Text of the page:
President Donald Trump’s infamy and erratic behavior has unexpectedly energized the American media landscape, both in terms of causing journalists to be more vigilant and the public more engaged.
During visits with editorial staff in several newsrooms, media professionals agreed Trump has helped drive traffic to their websites.
“I watch with interest and puzzlement the way the White House has to be covered now,” said Politico Editor-in-Chief John Harris.
“Reporters are not covering this like a normal presidency, but more like a presidential campaign. It would appear that Trump has not stopped campaigning for the position.”
“This current state of the White House has also created an artificial high in terms of ratings and traffic to websites,” Harris continued.
“A number of media outlets are disguising themselves as long-term challengers to Trump when in truth, they are loving the exposure that they are getting now. Once Trump leaves, I do wonder if they will see their ratings or traffic cut in half.”
Politico White House Reporter Nancy Cook who previously covered the Obama Administration said that the chaotic Trump Administration has made her more resourceful as a reporter.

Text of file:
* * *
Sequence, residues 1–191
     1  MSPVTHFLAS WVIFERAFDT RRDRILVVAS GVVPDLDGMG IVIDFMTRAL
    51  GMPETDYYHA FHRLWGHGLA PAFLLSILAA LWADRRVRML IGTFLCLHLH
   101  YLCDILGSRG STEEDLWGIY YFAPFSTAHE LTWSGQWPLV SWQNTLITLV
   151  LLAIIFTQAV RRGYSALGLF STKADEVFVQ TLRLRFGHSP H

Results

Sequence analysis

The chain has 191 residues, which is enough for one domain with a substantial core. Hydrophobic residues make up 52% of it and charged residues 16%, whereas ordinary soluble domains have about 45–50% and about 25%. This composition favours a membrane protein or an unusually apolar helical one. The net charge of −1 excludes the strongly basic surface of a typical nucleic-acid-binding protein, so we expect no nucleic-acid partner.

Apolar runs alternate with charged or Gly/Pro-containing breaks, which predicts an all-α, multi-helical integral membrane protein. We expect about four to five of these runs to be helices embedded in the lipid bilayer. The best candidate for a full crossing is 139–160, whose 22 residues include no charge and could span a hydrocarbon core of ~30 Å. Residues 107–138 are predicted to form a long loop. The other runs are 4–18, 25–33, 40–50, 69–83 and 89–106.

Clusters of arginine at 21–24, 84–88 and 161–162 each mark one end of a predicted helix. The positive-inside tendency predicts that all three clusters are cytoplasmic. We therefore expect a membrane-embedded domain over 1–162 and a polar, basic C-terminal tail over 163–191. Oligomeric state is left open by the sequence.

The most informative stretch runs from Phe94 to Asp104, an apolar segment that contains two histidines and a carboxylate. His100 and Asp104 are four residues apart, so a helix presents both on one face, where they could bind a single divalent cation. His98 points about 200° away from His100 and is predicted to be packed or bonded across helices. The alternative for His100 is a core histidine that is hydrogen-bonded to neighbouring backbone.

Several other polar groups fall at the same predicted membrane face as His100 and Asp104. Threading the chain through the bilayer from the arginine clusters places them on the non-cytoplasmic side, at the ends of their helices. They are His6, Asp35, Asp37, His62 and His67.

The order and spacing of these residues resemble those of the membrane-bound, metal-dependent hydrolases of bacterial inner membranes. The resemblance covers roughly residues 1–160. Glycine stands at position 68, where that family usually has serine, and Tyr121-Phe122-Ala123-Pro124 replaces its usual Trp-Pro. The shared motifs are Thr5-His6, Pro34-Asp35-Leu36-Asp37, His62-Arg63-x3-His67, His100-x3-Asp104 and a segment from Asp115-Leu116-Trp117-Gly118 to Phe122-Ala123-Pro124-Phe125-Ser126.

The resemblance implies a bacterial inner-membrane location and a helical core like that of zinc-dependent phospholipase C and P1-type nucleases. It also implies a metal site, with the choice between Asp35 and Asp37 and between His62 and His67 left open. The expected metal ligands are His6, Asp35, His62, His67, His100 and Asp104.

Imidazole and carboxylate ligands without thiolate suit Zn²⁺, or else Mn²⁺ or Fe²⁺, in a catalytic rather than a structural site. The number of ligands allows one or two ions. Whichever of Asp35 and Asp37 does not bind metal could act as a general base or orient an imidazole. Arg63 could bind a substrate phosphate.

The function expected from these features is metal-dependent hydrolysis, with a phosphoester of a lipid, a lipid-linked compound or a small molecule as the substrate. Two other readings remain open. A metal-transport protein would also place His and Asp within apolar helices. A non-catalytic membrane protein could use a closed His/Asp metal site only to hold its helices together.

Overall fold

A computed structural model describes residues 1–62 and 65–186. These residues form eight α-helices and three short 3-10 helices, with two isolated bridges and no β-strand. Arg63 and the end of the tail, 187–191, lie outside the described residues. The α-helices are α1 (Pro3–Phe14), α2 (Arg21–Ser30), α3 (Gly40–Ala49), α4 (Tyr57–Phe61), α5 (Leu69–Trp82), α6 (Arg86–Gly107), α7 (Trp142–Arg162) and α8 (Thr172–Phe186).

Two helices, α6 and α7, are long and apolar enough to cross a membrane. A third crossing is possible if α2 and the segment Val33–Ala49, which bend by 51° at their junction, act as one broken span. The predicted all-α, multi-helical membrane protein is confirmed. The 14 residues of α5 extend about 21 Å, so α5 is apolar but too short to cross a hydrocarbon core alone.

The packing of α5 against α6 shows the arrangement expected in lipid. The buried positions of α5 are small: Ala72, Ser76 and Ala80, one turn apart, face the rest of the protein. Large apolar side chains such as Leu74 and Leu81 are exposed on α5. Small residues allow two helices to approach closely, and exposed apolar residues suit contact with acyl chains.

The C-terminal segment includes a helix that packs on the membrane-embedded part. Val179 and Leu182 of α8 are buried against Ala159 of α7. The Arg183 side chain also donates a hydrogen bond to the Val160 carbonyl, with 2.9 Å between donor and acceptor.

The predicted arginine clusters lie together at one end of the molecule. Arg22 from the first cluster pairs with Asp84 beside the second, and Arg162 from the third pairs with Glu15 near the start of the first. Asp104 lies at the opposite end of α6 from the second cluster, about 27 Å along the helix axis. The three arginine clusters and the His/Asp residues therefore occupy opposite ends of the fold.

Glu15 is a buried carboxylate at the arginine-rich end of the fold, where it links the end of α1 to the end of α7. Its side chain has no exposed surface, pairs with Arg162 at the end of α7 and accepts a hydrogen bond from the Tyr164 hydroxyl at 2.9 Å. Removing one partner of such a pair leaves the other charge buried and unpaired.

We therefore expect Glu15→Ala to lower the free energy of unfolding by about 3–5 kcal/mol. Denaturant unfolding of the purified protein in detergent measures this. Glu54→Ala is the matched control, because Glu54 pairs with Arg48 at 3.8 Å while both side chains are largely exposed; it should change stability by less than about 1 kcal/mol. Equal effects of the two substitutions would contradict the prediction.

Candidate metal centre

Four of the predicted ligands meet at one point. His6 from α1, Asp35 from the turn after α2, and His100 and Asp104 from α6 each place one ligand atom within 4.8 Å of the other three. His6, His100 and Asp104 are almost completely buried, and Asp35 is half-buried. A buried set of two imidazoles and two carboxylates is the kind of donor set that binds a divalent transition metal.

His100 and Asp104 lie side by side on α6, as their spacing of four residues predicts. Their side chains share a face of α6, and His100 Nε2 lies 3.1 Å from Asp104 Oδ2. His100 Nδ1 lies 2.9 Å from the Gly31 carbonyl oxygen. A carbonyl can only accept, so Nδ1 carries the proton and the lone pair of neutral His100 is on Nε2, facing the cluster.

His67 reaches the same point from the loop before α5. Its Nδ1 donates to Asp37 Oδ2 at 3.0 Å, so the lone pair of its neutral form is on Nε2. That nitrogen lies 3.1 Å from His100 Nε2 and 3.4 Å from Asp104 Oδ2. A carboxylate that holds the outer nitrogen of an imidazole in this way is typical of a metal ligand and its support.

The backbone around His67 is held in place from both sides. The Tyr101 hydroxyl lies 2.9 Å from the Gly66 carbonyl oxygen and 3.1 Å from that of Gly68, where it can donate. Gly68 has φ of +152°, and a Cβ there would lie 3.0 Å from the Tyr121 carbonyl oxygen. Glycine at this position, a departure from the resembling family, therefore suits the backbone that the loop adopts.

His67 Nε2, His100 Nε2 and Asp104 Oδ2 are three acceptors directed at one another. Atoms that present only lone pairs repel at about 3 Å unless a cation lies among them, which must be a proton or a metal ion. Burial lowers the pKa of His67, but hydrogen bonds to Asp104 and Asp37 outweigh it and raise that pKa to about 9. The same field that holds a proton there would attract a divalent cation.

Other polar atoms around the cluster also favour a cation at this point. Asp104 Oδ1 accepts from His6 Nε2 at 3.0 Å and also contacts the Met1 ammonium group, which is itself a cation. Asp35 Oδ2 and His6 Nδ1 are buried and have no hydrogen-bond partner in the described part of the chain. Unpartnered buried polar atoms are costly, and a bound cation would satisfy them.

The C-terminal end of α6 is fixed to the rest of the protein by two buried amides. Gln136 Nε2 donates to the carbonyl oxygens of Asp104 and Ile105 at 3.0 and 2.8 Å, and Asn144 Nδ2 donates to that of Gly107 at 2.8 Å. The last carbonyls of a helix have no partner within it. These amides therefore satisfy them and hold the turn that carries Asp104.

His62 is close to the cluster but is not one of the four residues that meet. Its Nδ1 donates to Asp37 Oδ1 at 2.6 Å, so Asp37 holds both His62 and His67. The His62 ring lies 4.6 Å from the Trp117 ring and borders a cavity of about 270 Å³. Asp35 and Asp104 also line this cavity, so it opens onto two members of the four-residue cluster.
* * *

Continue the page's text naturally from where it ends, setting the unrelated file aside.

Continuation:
“My impression of the Obama White House was that it was more disciplined, more people believed in Obama’s mission and it was much more coordinated,” Cook added.
“Because of that, it was harder to get a sense of the inner White House scene.”
“The Trump White House is very opposite of that. The press secretary will say one thing and Trump will tweet something completely different five minutes later. The Trump’s White House also has a constant revolving door of who’s coming in and going out, and because of that, it is much easier to get people to talk.”
Ultimately, Cook said, it is her job as a reporter to sift through all the noise to get to the truth.
Meanwhile, James Fallows, The Atlantic’s national correspondent and World Press Institute board member, is concerned about Trump’s long-term impact on journalism.
“What we are seeing right now is almost like ‘The Madness of King George’,” he said.
“We have not seen anything like this before and though I agree that some journalists might feel that it is exciting to cover him because of his erratic behavior, it is not great for the long-term implications for both the country and journalism.”
Fallows also shared he was surprised by the recently published anonymous opinion editorial column in The New York Times that alleged there is a coordinated effort within the White House among staff members to resist and redirect Trump’s policy proposals and decisions.
“I have been a journalist for a long time and I have never seen anything like this before, where people from inside the White House are against their president,” he said.
“It is a curious and very interesting time to be a journalist and also a consumer of news.”